I like to play in drop-D, for a variety of reasons mostly involving the use of a low drone string, simplicity of fingering certain chord-shapes quickly, and I like some of the interesting possibilities with regard to open strings and minimal fingering, especially high up the neck. I play largely by ear, and like to improvise a lot, so it's really important the intonation is very accurate. Even though other people might not hear the difference, a little bit off and it gets confusing as to where to go next, and isn't pleasing when you go to let something really stand out and it's just wrong to my ears.

On my electric I have adjusters for intonation, it's 24 frets, easy to play, and sounds great. But it's not always convenient, or easily portable, and it's precious to me. My acoustics are, well, cheap. I've tried lots of things, but always seem to be a few cents sharp at the 7th fret on a drop-D 6th string when tuned accurately with open strings. Or tuned accurately at the 7th fret, flattish when open.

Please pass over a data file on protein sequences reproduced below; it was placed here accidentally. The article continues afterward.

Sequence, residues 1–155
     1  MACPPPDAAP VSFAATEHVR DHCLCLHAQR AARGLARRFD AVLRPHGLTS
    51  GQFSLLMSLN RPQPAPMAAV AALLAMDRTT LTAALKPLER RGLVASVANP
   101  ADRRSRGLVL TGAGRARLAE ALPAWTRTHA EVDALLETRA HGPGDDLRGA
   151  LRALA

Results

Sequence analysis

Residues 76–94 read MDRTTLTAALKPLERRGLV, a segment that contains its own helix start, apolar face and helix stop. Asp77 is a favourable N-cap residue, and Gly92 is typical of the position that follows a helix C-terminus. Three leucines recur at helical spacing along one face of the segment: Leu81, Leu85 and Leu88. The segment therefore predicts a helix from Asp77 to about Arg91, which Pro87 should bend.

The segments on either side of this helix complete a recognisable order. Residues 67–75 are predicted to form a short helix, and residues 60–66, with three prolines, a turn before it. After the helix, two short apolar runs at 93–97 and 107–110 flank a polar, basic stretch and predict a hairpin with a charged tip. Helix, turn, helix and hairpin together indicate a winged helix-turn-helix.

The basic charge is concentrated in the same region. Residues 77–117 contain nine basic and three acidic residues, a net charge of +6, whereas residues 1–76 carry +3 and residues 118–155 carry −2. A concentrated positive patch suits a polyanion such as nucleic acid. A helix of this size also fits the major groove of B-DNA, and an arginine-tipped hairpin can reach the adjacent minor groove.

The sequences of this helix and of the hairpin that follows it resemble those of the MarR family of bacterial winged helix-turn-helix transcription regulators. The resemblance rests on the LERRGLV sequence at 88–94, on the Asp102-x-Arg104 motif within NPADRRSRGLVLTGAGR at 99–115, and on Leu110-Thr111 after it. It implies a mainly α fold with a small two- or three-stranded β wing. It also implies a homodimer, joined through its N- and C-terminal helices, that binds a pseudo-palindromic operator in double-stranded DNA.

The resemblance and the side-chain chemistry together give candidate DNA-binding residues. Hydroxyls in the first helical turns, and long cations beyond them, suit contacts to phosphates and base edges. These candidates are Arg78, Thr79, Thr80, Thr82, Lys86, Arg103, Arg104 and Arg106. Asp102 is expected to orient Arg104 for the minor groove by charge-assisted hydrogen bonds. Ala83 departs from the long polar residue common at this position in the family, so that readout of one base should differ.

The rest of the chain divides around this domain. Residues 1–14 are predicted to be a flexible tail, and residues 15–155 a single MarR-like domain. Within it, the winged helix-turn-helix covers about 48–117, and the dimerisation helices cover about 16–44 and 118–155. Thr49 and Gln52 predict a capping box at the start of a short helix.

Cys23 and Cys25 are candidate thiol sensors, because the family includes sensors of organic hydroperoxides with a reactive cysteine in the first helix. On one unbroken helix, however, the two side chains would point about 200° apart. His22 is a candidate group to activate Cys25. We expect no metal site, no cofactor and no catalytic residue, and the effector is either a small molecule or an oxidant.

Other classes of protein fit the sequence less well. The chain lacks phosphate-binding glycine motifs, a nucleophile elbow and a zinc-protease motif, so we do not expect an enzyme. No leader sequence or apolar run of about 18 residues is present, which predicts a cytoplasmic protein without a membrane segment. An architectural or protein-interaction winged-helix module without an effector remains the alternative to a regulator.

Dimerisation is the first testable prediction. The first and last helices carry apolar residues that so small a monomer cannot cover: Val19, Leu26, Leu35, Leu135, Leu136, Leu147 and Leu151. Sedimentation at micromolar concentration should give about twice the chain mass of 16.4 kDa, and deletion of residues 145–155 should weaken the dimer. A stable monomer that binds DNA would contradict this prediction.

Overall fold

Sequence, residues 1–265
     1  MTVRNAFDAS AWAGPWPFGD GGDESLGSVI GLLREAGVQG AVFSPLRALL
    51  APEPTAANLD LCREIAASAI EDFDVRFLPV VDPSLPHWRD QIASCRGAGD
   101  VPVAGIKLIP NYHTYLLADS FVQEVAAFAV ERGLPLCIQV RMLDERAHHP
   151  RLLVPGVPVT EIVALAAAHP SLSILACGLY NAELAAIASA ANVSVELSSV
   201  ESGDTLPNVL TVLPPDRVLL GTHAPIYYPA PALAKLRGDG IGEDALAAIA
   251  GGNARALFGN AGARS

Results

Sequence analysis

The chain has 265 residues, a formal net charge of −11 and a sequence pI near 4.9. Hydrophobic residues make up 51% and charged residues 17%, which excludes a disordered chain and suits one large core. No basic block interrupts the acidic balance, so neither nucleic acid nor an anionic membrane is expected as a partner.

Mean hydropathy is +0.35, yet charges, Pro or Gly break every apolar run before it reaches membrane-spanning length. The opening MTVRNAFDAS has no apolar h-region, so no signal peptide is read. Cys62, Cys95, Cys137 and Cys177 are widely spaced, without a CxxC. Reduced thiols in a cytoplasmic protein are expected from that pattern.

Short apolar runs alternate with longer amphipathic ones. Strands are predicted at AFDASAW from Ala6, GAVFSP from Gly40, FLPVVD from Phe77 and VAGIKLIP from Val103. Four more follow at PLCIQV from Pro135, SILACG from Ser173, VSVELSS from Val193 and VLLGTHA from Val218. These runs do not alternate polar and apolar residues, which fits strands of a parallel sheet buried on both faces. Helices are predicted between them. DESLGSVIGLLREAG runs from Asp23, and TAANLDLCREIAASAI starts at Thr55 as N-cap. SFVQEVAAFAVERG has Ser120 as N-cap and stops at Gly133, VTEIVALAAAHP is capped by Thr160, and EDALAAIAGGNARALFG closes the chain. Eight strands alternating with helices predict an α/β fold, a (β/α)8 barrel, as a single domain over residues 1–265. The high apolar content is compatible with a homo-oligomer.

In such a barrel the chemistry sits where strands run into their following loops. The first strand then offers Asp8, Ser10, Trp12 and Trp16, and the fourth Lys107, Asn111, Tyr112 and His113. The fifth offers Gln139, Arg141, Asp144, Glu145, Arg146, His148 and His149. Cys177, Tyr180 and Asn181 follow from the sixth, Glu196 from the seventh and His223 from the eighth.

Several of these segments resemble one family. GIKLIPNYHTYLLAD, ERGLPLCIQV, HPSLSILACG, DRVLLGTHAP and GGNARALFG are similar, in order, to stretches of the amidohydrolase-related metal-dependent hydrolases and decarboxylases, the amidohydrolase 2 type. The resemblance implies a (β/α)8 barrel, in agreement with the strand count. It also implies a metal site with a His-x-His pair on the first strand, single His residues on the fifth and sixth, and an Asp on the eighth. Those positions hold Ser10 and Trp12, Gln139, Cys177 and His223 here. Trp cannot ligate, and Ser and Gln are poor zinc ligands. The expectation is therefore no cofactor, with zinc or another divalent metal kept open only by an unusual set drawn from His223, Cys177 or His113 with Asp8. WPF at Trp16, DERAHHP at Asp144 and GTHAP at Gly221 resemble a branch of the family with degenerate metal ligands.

I've tried modelling a saddle that mimicks the positioning on my electric, adjusting the nut, even using screws, toothpicks, or anything about the right size and shape to wedge in there, on either end, to get the intonation right. I've come a lot closer, but still a bit off, which drives me nuts.

Anyone out there with experience adjusting intonation on an acoustic guitar for drop-D tuning who might have a word of advice that doesn't involve spending a bunch of money?

  • Is your lowest string intonated correctly when tuned to E? Have you tried a slightly thicker string for the low string? Nov 10, 2017 at 12:57
  • 1
    @ToddWilcox - you beat me to it ! Putting a different gauge string that intonates with the existing saddle seems a sensible thing to do. It will also match the tensions of the other strings better.
    – Tim
    Nov 10, 2017 at 13:01
  • 1